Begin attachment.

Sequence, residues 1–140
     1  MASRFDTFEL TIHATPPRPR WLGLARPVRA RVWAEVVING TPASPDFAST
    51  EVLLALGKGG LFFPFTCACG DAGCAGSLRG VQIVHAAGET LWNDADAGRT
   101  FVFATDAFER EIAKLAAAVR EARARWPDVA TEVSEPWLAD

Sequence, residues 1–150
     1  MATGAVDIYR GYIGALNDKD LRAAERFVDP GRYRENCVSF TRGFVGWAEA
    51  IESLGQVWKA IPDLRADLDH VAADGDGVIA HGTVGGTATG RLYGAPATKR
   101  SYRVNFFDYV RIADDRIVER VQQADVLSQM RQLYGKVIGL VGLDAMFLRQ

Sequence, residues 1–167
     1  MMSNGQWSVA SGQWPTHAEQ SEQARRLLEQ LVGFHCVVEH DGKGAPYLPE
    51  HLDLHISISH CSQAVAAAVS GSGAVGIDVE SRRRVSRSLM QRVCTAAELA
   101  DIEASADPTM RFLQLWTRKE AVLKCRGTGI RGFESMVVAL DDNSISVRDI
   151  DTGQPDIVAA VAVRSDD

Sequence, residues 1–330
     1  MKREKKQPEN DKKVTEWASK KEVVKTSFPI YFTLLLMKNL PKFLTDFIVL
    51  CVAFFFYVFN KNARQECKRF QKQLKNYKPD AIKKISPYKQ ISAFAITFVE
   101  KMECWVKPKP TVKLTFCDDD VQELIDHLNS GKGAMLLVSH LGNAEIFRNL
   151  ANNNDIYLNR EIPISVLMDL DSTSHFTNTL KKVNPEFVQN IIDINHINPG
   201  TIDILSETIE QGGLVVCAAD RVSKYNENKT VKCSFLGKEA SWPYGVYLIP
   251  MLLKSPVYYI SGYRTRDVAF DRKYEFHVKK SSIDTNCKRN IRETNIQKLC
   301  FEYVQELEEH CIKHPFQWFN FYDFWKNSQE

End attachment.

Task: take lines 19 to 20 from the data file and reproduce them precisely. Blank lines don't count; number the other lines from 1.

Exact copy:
   201  TIDILSETIE QGGLVVCAAD RVSKYNENKT VKCSFLGKEA SWPYGVYLIP
   251  MLLKSPVYYI SGYRTRDVAF DRKYEFHVKK SSIDTNCKRN IRETNIQKLC